Next, we turn to Act Two: The life of Lazarus and the rich man after they die. In verses twenty-two to twenty-six, Luke gives us a description of what happens to Lazarus and the rich man after they die. First of all, there is a surprising reversal of the situation from that of this world. Now we learn that angels assist in carrying Lazarus to be with Abraham. This for the Jewish people would be regarded as the place of honour and reward for those who are faithful and righteous. So now it is Lazarus who is rich and privileged with his heavenly reward. In stark contrast, the rich man becomes very poor. He goes to Hades where he is tormented and finds no relief from the heat. Here the rich man is given a very hard lesson in reality. Two things have now changed. First, now that he’s in Hades, he is no longer privileged. He was used to giving the orders, but now that’s changed—he cannot order Abraham around at his beck and call. Even more shocking, he cannot order Lazarus around either—he certainly cannot reduce Lazarus to being his water boy. Rather, Abraham explains to the rich man the reality of the reversal. In the world the rich man enjoyed his wealth and had everything he wanted. Now in the afterlife, it is Lazarus who is comforted and rich. Abraham goes on to say that even if he or Lazarus wanted to go to Hades and help the rich man they could not because there was a wide chasm or gap that permanently separated them from him.


So, at this point in the parable we are left with the very sober truth that there are eternal consequences for what we do or fail to do to help others with our wealth. Do we see our wealth as something that we must keep to ourselves and horde? Or, do we see our wealth as a gift from God granting us daily privileges and opportunities to share our riches by serving the needs of the poor at our gates? Unless we act now, today, opportunities are missed, and, in the process, we lose our life. In helping others we are helping Jesus—and that has eternal consequences for them and us. This parable reminds us then that God is a God of justice and if not in this world, then in the hereafter wrongs shall be righted and there shall be eternal consequences for how we live our lives in this world right now, today. However, it is not so much God placing us in Hades as we ourselves doing so by having to suffer the consequences of how we live our life. So, may we “Seize The Day!” today, before it is too late.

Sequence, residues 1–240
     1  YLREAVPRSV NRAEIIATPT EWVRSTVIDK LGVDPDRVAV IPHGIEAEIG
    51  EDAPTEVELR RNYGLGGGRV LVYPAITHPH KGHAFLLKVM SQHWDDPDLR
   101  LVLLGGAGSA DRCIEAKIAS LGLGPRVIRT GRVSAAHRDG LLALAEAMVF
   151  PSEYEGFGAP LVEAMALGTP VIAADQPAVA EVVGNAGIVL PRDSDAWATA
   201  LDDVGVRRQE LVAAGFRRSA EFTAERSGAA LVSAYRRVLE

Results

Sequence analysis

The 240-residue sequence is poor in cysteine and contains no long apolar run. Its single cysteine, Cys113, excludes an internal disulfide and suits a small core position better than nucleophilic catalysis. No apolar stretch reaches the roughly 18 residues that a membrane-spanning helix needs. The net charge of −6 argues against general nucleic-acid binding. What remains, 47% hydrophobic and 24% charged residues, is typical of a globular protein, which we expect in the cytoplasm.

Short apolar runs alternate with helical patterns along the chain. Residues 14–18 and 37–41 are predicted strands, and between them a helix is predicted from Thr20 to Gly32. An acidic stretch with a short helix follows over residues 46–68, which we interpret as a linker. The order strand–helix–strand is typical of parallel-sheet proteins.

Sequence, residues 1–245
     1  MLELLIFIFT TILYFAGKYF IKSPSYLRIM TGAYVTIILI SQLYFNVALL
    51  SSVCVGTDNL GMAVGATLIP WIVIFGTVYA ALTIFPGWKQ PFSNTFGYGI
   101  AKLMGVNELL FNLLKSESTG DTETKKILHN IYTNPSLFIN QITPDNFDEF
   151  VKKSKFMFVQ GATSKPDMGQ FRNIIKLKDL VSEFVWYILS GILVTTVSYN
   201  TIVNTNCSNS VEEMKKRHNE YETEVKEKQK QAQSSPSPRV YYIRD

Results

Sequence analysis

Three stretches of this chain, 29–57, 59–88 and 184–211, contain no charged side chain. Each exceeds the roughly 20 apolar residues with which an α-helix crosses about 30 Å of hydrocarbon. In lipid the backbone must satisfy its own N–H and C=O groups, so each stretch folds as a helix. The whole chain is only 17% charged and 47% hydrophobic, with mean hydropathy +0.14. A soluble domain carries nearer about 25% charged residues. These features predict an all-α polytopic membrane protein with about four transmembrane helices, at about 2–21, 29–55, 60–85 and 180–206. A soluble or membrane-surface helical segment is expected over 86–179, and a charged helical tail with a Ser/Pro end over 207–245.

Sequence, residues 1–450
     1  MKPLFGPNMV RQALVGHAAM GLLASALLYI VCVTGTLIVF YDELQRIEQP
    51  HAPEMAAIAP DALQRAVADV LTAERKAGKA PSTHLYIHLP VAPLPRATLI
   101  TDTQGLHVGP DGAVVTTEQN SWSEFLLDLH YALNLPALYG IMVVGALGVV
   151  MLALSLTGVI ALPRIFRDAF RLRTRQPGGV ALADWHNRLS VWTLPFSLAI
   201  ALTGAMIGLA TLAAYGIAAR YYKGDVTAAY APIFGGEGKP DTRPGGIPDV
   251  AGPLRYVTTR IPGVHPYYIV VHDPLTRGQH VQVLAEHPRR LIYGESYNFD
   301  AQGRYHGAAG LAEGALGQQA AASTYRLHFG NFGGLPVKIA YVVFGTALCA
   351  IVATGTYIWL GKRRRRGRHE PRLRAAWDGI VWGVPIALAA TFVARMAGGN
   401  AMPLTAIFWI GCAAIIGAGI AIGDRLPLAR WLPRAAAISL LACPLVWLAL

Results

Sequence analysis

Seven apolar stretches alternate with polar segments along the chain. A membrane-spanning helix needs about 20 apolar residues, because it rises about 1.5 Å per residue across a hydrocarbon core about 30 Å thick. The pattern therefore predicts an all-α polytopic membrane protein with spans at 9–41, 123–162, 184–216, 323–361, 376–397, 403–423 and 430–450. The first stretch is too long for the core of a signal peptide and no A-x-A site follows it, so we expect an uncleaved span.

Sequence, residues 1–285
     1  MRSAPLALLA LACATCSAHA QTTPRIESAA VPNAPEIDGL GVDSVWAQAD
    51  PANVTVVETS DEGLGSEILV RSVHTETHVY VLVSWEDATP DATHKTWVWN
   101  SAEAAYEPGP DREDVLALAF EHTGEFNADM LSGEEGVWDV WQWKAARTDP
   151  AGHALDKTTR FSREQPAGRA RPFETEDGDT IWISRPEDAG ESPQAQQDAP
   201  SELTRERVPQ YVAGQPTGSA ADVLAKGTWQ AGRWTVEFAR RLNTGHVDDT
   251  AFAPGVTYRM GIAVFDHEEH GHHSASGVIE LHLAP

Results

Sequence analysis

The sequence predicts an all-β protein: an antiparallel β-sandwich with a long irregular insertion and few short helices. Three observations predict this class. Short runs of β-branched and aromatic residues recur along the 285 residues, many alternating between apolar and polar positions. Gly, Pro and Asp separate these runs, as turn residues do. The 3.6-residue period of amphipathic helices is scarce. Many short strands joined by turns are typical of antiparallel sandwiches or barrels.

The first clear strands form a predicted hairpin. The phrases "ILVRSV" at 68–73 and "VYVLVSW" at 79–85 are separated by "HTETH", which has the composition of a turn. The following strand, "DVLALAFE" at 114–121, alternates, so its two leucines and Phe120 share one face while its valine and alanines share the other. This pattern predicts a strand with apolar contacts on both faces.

In Act Three of the parable, we learn that every individual human being is responsible and accountable before God. The rich man, now realising that he’s unable to change his situation, finally thinks of others. This time he thinks of his five brothers who are still living in the world. He pleads with Abraham now to send Lazarus to his brothers and warn them to prevent them from ending up in Hades too. Once again the rich man does not quite “get it,” Lazarus is no longer his slave or servant. Moreover, Abraham tells him that even a resurrection appearance will not convince the rich man’s brothers. They are given Moses and the prophets—in other words, the Bible. That is sufficient for anyone says Abraham. If they listen to God’s word and respond to it by loving and serving God and their neighbour, that shall be sufficient for them to enter heaven.


That is what Jesus says, and this is what he means. In other words, all virtue, all kindness, all charity, all ethics, all obedience, all philanthropy, all duty, all love, and all joy hang on hearing these two commandments and responding to them, this summary of the law. To hear these—that is, not simply to listen to them but to hear them so that you aim to live by them—is life itself, a virtue for both rich and poor. Not to hear them is death, for then you are cut off from God as surely as you are cut off from your neighbour, in a great unbridgeable chasm.5


The greatest sin is that of indifference. May we, upon hearing God’s word, regard it as life itself, a precious gift to be treasured always; and take it to heart and practice it in our daily living. As Jesus often said at the conclusion of his parables: “Let those with ears Hear!” Then, it doesn’t matter how poor or rich you are—you shall be the richest person of all! Amen.


1 Cited from: The Hunger Site,

2 Cited from: The Kids Aids Site,

3 Cited from: The Child Survival Site,

4 Cited from:

5 Cited from: Peter J. Gomes, Strength for the Journey (New York & SanFrancisco: HarperSanFrancisco, 2003), p. 245.




E-mail Me